Collectibles-General (Antiques)/Two Additional Family Trunks
I would appreciate your opinion on these two chests in my possession. The blanket chest is stenciled with my grt. grt. grandma's initials - married around 1854 and born in Champion, NY.
The second trunk is from my Grandmother who emigrated from Norway to US around 1888.
Thank you! Julianne
Well, first I have to say that it's a challenge to give very much information based on one picture, but I can tell you a little. But I don't think it would be appropriate to give you a value based on seeing one side of these trunks. The blanket chest does look very old and certainly could be from around the period when your g-g-grandmother was married. These were handmade of course and the best ones have hand dovetailed construction, forged iron hardware and original old paint. This one looks like it may have all those things. Many are made of pine or oak, and walnut was not used as often, but that's a good thing also. If you are interested in getting a value, I really would suggest you find a good experienced appraiser in your area that can inspect this chest and see that the hinges, construction, etc. are correct,which can made a big difference in the value. But it does look like a very nice blanket chest and it's wonderful that you have a family heirloom of that type.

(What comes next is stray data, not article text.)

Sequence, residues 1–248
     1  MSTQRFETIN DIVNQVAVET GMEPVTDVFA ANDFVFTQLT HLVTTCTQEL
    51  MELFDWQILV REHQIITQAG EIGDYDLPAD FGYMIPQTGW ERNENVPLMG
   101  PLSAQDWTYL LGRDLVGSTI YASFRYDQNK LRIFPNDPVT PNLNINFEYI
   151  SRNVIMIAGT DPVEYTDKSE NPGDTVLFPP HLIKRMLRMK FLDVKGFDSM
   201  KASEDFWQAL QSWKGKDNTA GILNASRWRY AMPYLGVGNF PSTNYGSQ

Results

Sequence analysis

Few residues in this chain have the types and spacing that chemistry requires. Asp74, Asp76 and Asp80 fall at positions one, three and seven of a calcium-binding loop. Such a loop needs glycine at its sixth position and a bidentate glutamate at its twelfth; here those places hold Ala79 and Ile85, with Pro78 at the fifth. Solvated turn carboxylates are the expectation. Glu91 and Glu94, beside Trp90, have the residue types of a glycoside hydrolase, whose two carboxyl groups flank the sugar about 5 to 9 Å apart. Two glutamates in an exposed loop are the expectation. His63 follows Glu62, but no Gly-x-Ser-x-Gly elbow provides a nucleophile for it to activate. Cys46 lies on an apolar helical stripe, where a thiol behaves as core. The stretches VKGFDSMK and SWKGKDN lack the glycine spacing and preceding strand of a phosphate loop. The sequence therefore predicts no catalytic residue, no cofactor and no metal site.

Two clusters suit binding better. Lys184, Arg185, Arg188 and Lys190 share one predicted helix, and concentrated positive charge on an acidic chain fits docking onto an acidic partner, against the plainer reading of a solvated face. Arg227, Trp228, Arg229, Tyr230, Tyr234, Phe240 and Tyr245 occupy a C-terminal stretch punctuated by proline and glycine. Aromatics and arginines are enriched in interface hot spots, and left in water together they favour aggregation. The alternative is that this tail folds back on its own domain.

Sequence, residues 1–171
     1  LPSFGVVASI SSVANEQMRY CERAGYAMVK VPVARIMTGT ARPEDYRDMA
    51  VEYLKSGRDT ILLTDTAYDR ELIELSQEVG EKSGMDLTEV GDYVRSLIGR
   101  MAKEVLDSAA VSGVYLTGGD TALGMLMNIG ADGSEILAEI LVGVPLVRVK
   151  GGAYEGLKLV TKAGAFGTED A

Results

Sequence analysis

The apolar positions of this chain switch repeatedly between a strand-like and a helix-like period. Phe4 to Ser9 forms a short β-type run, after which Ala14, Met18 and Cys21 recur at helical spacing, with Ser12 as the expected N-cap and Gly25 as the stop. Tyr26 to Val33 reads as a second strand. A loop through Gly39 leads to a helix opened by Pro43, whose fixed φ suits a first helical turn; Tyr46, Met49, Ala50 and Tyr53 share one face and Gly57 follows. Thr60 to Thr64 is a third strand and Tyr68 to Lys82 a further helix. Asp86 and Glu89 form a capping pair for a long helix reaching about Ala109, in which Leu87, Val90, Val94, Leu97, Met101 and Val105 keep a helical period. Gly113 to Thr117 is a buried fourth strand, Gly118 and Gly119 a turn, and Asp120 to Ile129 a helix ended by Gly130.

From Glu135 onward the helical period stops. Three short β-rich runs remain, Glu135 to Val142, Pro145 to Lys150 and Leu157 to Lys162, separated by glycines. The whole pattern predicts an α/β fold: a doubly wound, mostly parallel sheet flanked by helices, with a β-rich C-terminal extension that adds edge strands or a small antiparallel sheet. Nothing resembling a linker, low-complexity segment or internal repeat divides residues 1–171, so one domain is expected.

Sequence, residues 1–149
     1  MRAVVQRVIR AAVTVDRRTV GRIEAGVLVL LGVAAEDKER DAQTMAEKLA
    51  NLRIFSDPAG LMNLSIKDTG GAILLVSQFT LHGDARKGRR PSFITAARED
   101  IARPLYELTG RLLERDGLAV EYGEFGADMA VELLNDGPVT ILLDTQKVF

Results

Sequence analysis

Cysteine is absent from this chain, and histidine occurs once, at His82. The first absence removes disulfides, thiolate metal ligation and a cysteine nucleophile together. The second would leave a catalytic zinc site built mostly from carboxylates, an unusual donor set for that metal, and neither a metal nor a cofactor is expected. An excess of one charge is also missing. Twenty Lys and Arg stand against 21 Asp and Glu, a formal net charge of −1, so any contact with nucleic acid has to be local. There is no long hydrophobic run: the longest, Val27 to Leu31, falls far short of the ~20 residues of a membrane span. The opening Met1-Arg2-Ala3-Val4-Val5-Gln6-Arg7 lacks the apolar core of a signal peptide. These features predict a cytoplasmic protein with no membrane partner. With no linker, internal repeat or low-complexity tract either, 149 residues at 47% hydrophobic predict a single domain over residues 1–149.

There are a couple things about the Headly & Farmer trunk that make me think I am going to have some possible bad news for you. I've studied the hardware and construction of American trunks for many years and am very careful about what I tell people about their trunks. I have over a dozen old trunk maker's catalogs and a few old trunk hardware company catalogs and have also researched these topics in great detail. I have copies of a couple hundred different trunk hardware patents. So based on all that, I can say that while H&F made trunks for many years in Newark, NJ and exported many trunks to Europe, this trunk was not made in the 1880's. Based on the hardware styles (latches, corners, etc.) this trunk is from the late 1890's to about 1920 period. Latches and other hardware pieces changed a lot after 1890 and I am sure that style was not used in the 1880's. Also this trunk appears to be covered in vulcanized fibre, which is a hard pressed heat treated fibre material. This was around in the 1880's but rarely used on trunks until about 1895 and later when this was made by several companies in Delaware and New Jersey and used more extensively on trunks of this style. So, maybe your grandmother acquired this trunk sometime after coming to the states and then the story later became that she had brought it from Norway. I've had a number of times when I've had to tell people similar information. I hope that helps.